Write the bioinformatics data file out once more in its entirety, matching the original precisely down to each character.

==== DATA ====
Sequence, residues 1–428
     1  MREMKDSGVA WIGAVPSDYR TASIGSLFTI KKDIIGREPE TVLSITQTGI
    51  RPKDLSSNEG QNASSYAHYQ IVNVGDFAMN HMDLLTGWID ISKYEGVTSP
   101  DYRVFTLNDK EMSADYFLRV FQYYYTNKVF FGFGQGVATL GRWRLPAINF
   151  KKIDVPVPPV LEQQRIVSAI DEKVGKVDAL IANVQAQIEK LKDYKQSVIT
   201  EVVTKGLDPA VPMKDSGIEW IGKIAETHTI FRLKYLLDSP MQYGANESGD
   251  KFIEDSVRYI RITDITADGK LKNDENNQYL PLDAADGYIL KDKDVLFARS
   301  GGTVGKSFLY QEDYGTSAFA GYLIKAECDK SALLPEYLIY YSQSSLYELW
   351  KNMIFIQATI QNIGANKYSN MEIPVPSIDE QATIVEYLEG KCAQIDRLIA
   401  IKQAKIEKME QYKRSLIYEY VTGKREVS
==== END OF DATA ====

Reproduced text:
Sequence, residues 1–428
     1  MREMKDSGVA WIGAVPSDYR TASIGSLFTI KKDIIGREPE TVLSITQTGI
    51  RPKDLSSNEG QNASSYAHYQ IVNVGDFAMN HMDLLTGWID ISKYEGVTSP
   101  DYRVFTLNDK EMSADYFLRV FQYYYTNKVF FGFGQGVATL GRWRLPAINF
   151  KKIDVPVPPV LEQQRIVSAI DEKVGKVDAL IANVQAQIEK LKDYKQSVIT
   201  EVVTKGLDPA VPMKDSGIEW IGKIAETHTI FRLKYLLDSP MQYGANESGD
   251  KFIEDSVRYI RITDITADGK LKNDENNQYL PLDAADGYIL KDKDVLFARS
   301  GGTVGKSFLY QEDYGTSAFA GYLIKAECDK SALLPEYLIY YSQSSLYELW
   351  KNMIFIQATI QNIGANKYSN MEIPVPSIDE QATIVEYLEG KCAQIDRLIA
   401  IKQAKIEKME QYKRSLIYEY VTGKREVS